In 1972 I traveled to Cuba under the auspices of the Venceremos Brigade, an international organization focused on solidarity with the Cuban people. Most recently I returned to Cuba on April 23 – May 7, 2023, fifty-one years later under the auspices of the National Network on Cuba (NNC). I had the opportunity to revisit Cuba as a Unitarian Universalist minister, activist and historian. I engaged in a fact-finding trip with the intention of presenting the information upon my return.
The most harmful policy I soon learned is the six-decades blockade that has created harsh conditions and imposed immense suffering on the Cuban people and its government. The sixty-year blockade has essentially become an act of genocide and includes:
- Limitations and access to credit to Cuba in order to maintain control of the distribution of energy and fuel and other essential services;
- Foreign banks’ denial of services to Cuba. European banks are afraid of doing business with Cuba and incurring fees for violating US sanctions. Those that do are imposed high interest rates;
- Insecurity in food availability–rice and milk, two staples, have increased in cost by 80%;
- Medical services are stretched and a shortage of medical supplies exists;
- Loss of tourism and recently slow recovery in tourism;
- Sugar cane industry and markets drastically impacted by the blockade. Cuba has to sell its sugar cane at very low prices since it lost it natural market, the US, after the revolution and agrarian reform;
- Shortages and lack of raw materials exist as a result of the blockade; if a ship makes port in Cuba they are fined by the US;
- Lack of access to international scholarships to train scientists and other professionals due to the blockade;
- Inability to obtain payment by venders abroad due to blockade; and
- Fuel, oil, and equipment shortages.
Despite the severity of the blockade the Cubans have been able to accomplish some of the following:
- Highest ratio of doctors to patients in the world–every community has a doctor and a nurse;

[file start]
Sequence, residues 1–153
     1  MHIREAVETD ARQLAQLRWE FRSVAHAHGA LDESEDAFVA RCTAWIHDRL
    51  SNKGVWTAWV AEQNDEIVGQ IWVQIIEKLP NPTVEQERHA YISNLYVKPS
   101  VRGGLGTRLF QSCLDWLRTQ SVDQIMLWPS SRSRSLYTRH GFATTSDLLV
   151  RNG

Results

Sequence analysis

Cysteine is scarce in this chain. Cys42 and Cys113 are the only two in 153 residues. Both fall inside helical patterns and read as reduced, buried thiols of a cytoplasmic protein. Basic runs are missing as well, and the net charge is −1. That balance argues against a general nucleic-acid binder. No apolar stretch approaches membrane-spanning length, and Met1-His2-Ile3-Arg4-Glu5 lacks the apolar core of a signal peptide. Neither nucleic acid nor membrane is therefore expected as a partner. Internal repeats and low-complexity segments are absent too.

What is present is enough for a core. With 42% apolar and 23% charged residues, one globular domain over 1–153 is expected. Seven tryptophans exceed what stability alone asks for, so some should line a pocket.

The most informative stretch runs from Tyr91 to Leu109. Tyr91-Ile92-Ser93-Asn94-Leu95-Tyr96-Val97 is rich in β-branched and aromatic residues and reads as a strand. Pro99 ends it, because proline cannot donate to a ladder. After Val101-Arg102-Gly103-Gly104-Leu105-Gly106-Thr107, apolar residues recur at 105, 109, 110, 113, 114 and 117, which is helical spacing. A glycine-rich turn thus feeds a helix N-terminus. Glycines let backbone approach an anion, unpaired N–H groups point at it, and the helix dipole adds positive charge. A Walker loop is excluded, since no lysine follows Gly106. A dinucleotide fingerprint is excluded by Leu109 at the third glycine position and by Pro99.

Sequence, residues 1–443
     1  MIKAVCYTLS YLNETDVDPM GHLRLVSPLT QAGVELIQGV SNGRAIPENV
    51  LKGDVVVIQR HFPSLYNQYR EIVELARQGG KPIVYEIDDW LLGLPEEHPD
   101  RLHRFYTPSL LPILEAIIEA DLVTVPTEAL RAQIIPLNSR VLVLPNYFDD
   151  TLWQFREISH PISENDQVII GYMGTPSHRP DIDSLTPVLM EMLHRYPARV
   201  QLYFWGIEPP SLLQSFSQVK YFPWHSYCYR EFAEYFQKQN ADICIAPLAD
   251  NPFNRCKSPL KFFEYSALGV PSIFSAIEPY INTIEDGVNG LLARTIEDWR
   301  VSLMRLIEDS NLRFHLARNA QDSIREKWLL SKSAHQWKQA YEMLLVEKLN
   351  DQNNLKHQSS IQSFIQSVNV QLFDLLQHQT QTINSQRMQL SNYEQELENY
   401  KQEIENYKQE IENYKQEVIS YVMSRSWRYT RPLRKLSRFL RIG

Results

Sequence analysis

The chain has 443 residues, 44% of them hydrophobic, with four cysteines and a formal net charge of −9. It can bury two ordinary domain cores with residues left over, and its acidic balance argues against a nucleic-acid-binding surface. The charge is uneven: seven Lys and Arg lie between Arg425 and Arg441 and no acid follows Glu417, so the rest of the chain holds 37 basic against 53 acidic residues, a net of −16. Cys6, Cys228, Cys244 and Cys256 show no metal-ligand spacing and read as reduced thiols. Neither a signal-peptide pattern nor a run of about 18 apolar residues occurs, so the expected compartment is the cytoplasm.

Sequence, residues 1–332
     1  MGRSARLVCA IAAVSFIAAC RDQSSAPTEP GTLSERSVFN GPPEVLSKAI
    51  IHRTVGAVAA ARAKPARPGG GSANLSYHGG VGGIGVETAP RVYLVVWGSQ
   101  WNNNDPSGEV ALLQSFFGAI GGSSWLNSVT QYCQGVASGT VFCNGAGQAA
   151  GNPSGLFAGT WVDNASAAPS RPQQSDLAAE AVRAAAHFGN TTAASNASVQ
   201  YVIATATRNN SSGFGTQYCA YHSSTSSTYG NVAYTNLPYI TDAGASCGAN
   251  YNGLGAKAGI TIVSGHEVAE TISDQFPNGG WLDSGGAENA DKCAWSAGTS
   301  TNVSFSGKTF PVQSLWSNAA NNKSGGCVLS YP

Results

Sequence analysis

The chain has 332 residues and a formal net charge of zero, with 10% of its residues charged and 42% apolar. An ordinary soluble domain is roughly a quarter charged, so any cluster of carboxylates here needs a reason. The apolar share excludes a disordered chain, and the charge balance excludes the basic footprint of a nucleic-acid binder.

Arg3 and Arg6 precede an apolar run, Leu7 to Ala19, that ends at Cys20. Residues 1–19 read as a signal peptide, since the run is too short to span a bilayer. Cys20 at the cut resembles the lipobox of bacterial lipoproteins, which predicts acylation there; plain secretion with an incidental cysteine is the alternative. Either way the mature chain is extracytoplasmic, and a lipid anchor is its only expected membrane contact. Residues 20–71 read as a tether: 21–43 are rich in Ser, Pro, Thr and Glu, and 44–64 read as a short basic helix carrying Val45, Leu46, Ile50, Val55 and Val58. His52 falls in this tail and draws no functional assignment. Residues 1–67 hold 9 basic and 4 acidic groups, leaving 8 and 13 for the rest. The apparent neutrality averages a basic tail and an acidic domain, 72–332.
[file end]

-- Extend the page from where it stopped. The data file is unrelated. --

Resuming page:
- Almost complete elimination of illiteracy;
- One of the lowest rates of infant mortality in the world;
- Health care and education are free;
- Sugar cane industry has diversified to include bio products, animal feed, sanitizer, rum and medicinal gels;
- Only 8,530 deaths occurred over four years due to COVID-19 or 0.17% (the world’s rate of deaths is 1.54%);
- Unemployment rate is 1.5%;
- Five vaccines manufactured by Cuba have been created but not recognized because of the blockade–three are injected and two are breathed through the nose. The fatality rate from COVID-19 is the lowest in all of Latin America. 98% of people have been vaccinated, including children;
- Life expectancy in Cuba is 78 years old;
- Cuba’s Latin American School of Medicine, established in 1999, provides a tuition-free medical education to applicants. The only condition is graduates must commit to practice medicine in poor and underserved communities after graduation. Two hundred and twenty of its graduates are currently working within the US healthcare system without the crippling burden of medical school student loan debt;
- An extension of the country’s internationalism is its health care ambassadorship which sends doctors and other healthcare workers to the world’s most underserved areas. They are currently serving in 32 different countries around the world; and
- Cuba recently updated its Constitutions Family Code that now recognizes same sex marriages and other family structures previously excluded from the benefits of marriage.